State appears to have cheated Hawaiians out of $150-200 million on Kakaako land transfer
“Abercrombie described the Kakaako proposal as "comprehensive," not "universal." But, he said the settlement would well exceed $200 million because the land — described by the governor as "prime" — would grow exponentially in value."--State Offers OHA $200M Kakaako Land Settlement (Civil Beat, 11/16/2011)
by Larry Geller, Disappeared News, April 7, 2014
Checking through news coverage of the transfer of state land to the Office of Hawaiian Affairs (which, it should be noted, is itself part of the state government), the valuation of around $200 million dollars for the land was seldom challenged. The value of the land is key—the transfer was supposed to wipe out debt that the state has owed OHA.
It looks like OHA (and hence its Native Hawaiian beneficiaries) has been cheated. Even besides that, it looks like the transfer is being used to shove residential developments on Kakaako Makai down all of our throats.
Although the state is obligated to pay OHA revenue that is generated from ceded lands, it has not done so. Side comment: It hasn’t put Native Hawaiians on their homelands, either.
So this deal was supposed to settle it. More recent news reveals that the value of the land, in the absence of residential development which is currently not allowed, would be closer to $50 million. If so, OHA has been cheated of $150 million. Wait a moment—OHA knew this, so can one really say they were “cheated?” OHA’s appraisal of the land deal, done by Medusky & Co., Inc. acknowledged that residential uses of that land are not permitted.
The claim that the transferred land is prime and “would grow exponentially in value” appears to have been an inexcusable lie.
But is even $50 million a fair price for land that would need extensive reclamation and in any case is threatened by sea rise due to climate change?
As explained in OHA’s idea for residential construction in the tsunami inundation zone is, well, all wet (1/30/2014), the pink area in the map above right is the evacuation zone, the inundation zone hugs the water a bit more. Also, the area will be pounded by storm waves and suffer groundwater infiltration long before climate change reclaims it for the sea.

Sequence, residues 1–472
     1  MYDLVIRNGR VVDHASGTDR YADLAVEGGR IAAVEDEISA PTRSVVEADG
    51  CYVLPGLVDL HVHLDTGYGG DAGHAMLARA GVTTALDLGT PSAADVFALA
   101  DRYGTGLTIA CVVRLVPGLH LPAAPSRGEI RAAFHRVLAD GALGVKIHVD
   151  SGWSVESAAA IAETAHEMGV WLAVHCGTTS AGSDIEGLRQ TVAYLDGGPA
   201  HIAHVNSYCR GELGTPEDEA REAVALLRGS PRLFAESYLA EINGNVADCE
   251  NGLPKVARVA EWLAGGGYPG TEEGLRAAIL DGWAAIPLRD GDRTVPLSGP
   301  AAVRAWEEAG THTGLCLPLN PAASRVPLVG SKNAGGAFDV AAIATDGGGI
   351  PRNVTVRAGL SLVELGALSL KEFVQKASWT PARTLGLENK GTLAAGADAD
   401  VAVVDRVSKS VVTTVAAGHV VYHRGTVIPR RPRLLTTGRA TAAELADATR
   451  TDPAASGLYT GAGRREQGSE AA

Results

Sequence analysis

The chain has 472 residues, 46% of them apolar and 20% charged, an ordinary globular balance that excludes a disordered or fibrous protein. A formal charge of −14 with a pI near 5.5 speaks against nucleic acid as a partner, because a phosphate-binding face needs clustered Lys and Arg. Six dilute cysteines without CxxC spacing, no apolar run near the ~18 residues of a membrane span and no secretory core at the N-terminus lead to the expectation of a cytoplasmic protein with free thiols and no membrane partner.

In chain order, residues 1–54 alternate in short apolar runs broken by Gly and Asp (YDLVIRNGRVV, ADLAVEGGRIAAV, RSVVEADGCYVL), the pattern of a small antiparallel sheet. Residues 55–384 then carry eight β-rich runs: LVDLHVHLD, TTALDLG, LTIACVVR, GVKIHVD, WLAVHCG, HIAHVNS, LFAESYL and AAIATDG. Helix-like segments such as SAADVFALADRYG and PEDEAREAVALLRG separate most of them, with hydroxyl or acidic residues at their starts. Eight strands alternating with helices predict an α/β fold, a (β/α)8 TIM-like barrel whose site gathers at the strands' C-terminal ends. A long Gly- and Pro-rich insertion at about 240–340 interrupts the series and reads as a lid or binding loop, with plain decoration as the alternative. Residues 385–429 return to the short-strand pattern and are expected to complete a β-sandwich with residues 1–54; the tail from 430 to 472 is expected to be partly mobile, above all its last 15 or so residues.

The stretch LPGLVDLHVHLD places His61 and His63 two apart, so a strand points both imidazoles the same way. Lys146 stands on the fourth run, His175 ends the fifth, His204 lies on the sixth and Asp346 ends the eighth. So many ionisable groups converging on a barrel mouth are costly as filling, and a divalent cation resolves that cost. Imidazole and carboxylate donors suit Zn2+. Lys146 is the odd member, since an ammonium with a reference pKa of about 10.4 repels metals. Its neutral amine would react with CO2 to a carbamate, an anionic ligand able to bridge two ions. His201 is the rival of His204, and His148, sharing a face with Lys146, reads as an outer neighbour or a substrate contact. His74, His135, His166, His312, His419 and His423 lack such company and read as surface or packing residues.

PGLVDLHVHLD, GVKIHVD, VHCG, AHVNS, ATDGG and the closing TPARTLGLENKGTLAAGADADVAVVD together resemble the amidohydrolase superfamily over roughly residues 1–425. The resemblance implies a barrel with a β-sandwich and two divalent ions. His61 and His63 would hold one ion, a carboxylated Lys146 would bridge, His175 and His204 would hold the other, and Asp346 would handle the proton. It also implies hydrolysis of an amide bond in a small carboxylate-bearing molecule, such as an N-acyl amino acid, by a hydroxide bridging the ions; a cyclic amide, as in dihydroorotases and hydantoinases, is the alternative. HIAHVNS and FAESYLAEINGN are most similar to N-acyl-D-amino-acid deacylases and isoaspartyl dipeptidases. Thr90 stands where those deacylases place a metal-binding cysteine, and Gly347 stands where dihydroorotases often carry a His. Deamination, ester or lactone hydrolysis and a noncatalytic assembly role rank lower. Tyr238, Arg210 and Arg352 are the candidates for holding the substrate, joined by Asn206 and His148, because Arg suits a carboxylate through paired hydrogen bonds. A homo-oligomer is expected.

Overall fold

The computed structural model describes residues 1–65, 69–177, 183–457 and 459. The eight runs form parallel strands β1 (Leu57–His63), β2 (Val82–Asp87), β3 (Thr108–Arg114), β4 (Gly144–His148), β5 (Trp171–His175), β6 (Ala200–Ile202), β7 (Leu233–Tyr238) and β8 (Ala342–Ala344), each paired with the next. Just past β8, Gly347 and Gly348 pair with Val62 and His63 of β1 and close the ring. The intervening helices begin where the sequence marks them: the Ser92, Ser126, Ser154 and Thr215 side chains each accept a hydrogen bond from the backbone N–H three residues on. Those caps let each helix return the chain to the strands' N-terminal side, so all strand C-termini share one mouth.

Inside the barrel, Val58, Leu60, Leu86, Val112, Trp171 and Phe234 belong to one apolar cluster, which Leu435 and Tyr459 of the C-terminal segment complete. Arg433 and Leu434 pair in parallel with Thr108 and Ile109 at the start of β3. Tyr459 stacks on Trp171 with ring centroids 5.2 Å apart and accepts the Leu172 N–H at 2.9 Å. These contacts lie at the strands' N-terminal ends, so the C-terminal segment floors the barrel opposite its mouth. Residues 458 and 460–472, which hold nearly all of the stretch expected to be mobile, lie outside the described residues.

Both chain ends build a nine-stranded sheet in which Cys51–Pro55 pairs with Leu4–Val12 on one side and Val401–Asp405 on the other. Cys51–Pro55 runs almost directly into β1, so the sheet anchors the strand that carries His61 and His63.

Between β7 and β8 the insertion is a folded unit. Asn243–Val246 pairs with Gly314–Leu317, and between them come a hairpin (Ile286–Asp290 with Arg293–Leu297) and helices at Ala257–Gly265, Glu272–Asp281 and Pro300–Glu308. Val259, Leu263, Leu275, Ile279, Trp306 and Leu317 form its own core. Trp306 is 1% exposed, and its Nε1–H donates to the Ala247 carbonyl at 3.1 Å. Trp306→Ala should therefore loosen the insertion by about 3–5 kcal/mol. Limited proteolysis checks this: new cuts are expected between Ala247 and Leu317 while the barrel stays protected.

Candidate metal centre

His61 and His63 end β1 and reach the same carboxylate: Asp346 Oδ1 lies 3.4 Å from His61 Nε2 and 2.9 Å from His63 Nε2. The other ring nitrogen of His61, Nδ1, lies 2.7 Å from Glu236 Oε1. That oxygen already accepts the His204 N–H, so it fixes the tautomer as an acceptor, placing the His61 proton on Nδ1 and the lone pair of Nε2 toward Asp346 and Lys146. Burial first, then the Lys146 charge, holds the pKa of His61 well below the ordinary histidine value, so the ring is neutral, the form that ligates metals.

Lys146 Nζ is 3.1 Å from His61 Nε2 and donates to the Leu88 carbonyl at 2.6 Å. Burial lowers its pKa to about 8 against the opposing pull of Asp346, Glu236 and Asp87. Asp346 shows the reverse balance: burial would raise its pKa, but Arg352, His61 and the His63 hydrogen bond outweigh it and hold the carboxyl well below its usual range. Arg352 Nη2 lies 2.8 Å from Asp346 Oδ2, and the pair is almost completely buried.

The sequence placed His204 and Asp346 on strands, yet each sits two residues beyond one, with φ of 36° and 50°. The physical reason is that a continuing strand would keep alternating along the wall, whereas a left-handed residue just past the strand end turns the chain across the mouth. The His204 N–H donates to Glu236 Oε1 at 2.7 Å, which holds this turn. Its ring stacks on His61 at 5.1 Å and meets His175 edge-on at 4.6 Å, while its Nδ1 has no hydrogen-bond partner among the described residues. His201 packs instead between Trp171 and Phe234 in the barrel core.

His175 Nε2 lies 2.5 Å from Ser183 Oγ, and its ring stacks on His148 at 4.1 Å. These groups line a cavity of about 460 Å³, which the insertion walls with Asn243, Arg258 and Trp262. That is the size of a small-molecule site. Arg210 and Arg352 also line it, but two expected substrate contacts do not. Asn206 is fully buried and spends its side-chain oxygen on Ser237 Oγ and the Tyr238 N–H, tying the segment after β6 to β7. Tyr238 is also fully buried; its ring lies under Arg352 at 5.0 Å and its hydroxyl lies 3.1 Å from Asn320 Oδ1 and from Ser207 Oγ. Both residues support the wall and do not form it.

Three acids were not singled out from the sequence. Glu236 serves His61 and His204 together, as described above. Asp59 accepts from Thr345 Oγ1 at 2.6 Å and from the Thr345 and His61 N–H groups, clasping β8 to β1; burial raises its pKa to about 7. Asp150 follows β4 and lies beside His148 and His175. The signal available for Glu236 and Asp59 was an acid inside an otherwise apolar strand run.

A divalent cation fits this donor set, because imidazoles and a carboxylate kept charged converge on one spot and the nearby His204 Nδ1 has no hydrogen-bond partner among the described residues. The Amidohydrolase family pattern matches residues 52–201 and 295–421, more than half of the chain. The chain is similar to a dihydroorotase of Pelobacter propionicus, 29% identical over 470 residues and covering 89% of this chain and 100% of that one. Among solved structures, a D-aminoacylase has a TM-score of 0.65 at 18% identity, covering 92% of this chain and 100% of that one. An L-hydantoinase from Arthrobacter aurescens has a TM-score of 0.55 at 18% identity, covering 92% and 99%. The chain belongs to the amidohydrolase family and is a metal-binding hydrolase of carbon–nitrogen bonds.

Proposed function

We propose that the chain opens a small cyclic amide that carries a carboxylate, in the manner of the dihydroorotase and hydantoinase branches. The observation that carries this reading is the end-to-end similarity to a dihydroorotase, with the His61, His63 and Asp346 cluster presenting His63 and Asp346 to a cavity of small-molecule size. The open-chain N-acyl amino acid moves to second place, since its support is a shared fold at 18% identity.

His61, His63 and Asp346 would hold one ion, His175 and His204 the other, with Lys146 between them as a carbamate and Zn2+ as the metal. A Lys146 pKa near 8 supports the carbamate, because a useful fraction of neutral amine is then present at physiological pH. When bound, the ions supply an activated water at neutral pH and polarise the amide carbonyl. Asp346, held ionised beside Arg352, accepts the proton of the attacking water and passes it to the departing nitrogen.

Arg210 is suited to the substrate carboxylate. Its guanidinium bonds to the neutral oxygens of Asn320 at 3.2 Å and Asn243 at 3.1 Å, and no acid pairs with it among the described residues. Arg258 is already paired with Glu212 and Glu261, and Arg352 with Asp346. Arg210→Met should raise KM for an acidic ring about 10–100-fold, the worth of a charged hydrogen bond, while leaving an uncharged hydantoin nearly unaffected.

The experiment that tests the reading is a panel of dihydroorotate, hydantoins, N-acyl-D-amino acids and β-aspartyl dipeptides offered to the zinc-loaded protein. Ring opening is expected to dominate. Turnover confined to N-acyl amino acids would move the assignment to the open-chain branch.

So perhaps OHA allowed itself to be cheated of the whole $200 million.
Now, as you can tell, I personally feel that residential development in this area was, and still is, foolhardy. Kakaako Makai should be preserved for the use of all residents, not turned over to rich sunbird condo dwellers. That’s what would need to happen to squeeze the most value from the land, and don’t think that our state government, owned as it is by developers and their friends, would hesitate one moment, if allowed, to overdevelop Kakaako any way it can.
The Star-Advertiser did a good job of exposing Governor Abercrombie’s campaign contributions related to Kakaako development in their front-page story on March 30, 2014.
But by holding such a personal view, am I saying that I do not believe Native Hawaiians should be allowed to realize full value from the land they have been “given?” That’s part of the dilemma the “$200 million” OHA deal presents. And no doubt, it will be part of the pressure applied to state legislators to approve residential construction in Kakaako Makai.
It’s not for me (or anyone) to suggest what is best for Native Hawaiians. But somehow, creating contention between the valid claims owed by a delinquent state government and the many who oppose this use of the land, and which specifically benefits the greedy development lobby, is also not right.
If the state owes $200 million, it should make arrangements to pay it, not pull tricks on anyone, and certainly not create yet another level of oppression in the “aloha state.”
(Reposted under Creative Commons License)